Category Archives: Mary Katherine Heinrich

Double-Dipping: Using time-share to stop being the problem

Architecture’s relationship with economics in the past four or five decades has been tense. An entire subculture of the discipline, often known as the “Resistance Model,” formed with the explicit goal of holding strong against the forces of capitalism and consumerism. The architects that held to this model saw the economic (perhaps only financial) forces around them as degrading true value. But their approach to architecture was hardly what could be called active. Rather, it was negative (in the non-Adornian way); it sought to negate mainstream desires. In his famous 1982 debate with Christopher Alexander, Peter Eisenman asserted: “The role of art or architecture might just be to remind people that everything is not all right.”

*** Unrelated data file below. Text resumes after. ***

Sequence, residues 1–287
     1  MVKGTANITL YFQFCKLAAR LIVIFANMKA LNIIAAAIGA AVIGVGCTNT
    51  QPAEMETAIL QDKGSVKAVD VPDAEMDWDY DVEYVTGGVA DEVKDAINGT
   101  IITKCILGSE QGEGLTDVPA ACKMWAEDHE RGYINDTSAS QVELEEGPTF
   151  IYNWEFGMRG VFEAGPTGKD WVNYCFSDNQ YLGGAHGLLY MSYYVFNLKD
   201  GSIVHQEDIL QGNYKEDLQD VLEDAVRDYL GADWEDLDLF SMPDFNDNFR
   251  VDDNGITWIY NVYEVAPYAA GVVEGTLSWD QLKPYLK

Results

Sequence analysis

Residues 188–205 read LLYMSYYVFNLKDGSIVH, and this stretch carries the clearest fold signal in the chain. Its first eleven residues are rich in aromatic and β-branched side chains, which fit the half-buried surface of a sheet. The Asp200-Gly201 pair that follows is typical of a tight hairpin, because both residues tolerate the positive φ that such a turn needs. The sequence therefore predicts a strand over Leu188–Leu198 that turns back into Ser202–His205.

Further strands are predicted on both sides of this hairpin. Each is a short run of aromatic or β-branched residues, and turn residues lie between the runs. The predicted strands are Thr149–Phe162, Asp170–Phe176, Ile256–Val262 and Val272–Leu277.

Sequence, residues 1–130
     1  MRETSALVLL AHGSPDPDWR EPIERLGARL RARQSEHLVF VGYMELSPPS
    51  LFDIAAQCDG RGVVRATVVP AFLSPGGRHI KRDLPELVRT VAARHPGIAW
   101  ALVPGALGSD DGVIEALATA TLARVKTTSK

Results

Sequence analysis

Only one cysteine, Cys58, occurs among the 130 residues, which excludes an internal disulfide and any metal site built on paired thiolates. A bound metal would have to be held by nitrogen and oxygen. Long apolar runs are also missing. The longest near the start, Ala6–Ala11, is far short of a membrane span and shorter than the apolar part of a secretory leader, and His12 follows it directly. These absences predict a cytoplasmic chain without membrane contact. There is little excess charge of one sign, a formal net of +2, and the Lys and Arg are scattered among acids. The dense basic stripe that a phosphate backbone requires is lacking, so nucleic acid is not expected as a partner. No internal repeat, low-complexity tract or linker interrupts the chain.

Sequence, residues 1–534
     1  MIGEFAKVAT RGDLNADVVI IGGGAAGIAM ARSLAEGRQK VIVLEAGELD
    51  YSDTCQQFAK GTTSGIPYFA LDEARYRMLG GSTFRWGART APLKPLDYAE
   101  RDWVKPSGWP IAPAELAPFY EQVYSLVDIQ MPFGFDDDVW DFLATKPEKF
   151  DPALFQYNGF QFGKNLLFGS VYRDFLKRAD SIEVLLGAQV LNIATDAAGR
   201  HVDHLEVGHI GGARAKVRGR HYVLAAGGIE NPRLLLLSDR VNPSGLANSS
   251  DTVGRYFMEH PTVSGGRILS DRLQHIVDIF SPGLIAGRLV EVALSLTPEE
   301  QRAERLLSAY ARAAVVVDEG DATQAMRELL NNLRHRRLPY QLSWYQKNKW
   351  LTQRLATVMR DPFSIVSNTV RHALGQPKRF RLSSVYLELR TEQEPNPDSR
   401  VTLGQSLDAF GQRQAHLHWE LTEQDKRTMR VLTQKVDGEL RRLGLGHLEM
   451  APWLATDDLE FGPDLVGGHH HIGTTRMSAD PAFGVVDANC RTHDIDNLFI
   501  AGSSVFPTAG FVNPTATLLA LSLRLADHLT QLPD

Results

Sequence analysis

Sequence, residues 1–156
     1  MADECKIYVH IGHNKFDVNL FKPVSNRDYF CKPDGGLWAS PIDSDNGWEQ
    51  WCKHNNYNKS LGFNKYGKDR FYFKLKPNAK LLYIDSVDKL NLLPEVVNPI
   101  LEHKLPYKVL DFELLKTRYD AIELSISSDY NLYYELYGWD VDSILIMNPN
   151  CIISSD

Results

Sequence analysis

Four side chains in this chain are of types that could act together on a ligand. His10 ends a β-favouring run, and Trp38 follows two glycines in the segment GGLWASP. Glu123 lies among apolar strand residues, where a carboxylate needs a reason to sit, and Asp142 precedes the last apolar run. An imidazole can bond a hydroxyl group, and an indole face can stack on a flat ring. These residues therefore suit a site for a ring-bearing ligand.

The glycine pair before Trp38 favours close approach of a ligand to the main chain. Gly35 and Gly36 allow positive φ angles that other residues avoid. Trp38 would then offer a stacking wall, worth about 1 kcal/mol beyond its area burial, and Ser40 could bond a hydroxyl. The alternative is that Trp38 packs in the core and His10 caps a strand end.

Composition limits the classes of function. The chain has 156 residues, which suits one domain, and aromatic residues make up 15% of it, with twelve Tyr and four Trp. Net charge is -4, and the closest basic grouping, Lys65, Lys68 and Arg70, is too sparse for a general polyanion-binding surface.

These architects were, in many ways, reacting against the failures of modernism and feeling that the only way architecture could successfully contribute to society was to be merely architecture, nothing more. In the current architectural climate, a large portion of the discipline is reconsidering the effects that we know architecture has (on environment, socio-technic structures, and the like), and wondering what effects might be unforeseen.

In this context, what looks like architecture seeing itself as the answer, might actually just be architecture trying to not be the problem.

Departing from the views of Eisenman, much of current architecture seeks to fulfill mainstream desires, not negate them. Bjarke Ingels has built an entire firm (and concept) around popular culture and mainstream consumption. Others have looked for signifiers of community needs, rather than tracking economic consumption. This project by AA graduates provides shade in public spaces with a low investment of capital.

Project by Asif Khan, Omid Kamvari and Pavlos Sideris. [image source: dezeen]

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